Cities that invest in smarter transportation systems will see a clear return on their investment. Reduced vehicle use has many economic benefits including reduced transport network and infrastructure costs and less pollution, not to mention the business and economic development engendered by such cost and quality of life benefits.
Lowering the Economic Costs of Congestion
Congestion costs time and money and is a drain on the economy. As a May 2012 The Times of India article indicated, the cost of pollution, accidents and congestion adds up to more than 10% of India’s gross domestic product (GDP). However, a 10% reduction in traffic during congestion hours and peak demand periods will almost eliminate all congestion. Eliminating congestion can lead to a 2% increase in regional GDP. Indian cities cannot afford to make the mistakes made by developed countries when building their transportation networks. Every investment has to create efficiencies and support economic development.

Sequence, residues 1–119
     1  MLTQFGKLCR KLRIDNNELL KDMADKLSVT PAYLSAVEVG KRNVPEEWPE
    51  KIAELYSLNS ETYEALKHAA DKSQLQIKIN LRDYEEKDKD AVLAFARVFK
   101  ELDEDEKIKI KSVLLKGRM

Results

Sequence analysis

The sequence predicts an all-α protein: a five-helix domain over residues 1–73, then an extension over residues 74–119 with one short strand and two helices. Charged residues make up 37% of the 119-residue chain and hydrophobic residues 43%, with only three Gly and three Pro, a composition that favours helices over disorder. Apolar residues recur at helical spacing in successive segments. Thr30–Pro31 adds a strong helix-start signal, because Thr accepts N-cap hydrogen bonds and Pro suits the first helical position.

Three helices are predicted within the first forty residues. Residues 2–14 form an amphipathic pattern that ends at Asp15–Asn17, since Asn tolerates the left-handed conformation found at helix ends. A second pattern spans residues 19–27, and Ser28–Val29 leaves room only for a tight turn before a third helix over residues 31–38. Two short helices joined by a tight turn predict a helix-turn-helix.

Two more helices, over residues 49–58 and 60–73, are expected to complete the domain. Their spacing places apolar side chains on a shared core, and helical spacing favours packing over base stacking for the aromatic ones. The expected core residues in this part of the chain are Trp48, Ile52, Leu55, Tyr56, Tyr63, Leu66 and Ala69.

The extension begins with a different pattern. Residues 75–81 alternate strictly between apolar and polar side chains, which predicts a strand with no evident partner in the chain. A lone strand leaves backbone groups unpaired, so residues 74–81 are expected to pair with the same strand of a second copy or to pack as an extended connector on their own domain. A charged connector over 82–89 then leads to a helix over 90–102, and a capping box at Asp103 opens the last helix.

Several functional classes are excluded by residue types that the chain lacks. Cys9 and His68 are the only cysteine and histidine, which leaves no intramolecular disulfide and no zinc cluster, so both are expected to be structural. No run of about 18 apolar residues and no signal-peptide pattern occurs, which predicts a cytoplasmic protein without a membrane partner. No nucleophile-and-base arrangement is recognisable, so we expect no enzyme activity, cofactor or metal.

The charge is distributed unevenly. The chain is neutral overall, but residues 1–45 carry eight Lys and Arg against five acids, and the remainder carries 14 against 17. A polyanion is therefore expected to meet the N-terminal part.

Cities that invest in smarter transportation systems will see a clear return on their investment. Reduced vehicle use has many economic benefits including reduced transport network and infrastructure costs and less pollution, not to mention the business and economic development engendered by such cost and quality of life benefits. Cities struggling with congested transport networks have a further incentive to make public transportation more attractive. Schedulers can place buses where they are most needed to ensure they operate at full capacity without wasting time, fuel and money. This will help ensure that commuters consistently arrive for work ready to be fully productive.
Reducing Environmental Impact
Air pollution caused by traffic is cause for serious concern from both an environmental and economic standpoint. In October 2013, thick smog blanketed parts of China for two days, blocking road, train and air traffic, and forcing the closure of primary and secondary schools. The visibility in urban areas was less than 50 metres. Residents and traffic police in these areas were forced to wear masks to protect themselves from the foul stench and adverse health effects of the smog.